Recently, I got to attend the wedding of one of my good friends. My friend and her (now) husband are a couple who are truly going to live out the Sacrament of Marriage.
The priest gave an incredible homily focused on the message of Ephesians 5-that the Sacrament of Marriage is meant to be a reflection of the love between Christ’s love for the Church. He reminded us in such a convicting way that it brought tears to my eyes, Christ loves us with the love that the bride and groom promise one another in their vows.
Christ loves us in sickness and in health.
He loves us in good times and in bad.
In wealth and poverty, He loves us.
He loves us and honors for all days.
Christ loved us unto death.
This is a great sign
One of the biggest differences and the reason that marriage is only a pale comparison to our union with God is that marriage ends with death. In death, our total union with Christ is actually accomplished. It is only on entering into the beatific vision that we can fulfill our vows to Christ perfectly. Here on earth, we will always fall short in faithfulness to our vows.
But God’s love is unfailing. He is the perfect bridegroom, always taking us back no matter how unfaithful we are.
The greatest sign of this love is the Cross. In the Cathedral of Saint Jude, where the wedding was held, there is a huge crucifix across from the altar. Where the couple was sitting, they were staring right at the crucifix and it was as if Christ was staring at them saying, this is the Sacrament of Marriage.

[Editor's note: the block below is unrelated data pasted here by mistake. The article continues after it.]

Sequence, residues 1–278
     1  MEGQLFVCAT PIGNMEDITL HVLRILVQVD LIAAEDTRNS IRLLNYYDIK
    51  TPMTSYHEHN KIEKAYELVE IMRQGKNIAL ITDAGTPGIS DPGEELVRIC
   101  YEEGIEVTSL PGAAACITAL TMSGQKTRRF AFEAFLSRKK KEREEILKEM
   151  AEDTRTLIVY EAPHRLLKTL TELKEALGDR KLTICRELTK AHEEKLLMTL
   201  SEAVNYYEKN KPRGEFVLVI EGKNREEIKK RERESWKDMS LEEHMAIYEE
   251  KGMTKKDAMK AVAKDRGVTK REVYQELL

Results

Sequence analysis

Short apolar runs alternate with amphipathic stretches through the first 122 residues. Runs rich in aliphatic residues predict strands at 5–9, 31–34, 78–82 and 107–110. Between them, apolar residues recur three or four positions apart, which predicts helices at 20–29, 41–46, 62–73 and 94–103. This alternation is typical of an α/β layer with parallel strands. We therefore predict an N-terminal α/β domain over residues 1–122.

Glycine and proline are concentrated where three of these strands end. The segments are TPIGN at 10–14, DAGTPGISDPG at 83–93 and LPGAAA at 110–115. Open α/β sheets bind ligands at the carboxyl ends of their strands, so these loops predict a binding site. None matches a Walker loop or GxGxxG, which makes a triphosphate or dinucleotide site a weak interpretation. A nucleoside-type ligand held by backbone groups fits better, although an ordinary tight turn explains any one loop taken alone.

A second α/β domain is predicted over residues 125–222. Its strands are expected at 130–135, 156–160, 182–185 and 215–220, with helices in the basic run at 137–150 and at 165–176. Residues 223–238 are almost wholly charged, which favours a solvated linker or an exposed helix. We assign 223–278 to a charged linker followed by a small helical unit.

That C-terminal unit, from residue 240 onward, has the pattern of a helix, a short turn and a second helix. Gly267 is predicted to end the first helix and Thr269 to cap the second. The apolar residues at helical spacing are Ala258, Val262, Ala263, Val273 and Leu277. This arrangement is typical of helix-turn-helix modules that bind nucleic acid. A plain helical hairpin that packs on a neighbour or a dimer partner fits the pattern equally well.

“Husbands, love your wives, even as Christ loved the church and handed himself over for her…”
~ Ephesians 5:25 ~
You Are Worth Dying For
Do you find it hard to believe that Christ loves you this way, that you are worth dying for? When I feel completely unworthy of Christ’s love, Mother Teresa’s letter about Jesus’s thirst always gets me back on the right track. I discovered it shortly after I had fallen away from God in college and was feeling too far gone to be forgiven. Her words cut right through my shame and were what opened my eyes to God’s unconditional love for me.
He thirsts for you. He loves you always, even when you don’t feel worthy. When not accepted by others, even by yourself sometimes—He is the one who always accepts you. My children, you don’t have to be different for Jesus to love you.
Why does Jesus say “I Thirst”? What does it mean? Something so heard to explain in words—if you remember anything from Mother’s letter, remember this—“I thirst” is something much deeper than Jesus just saying “I love you.” until you know deep inside that Jesus thirsts for you—you can’t begin to know who He wants to be fore you. Or who He wants you to be for Him.
Jesus…wants only the chance to love you.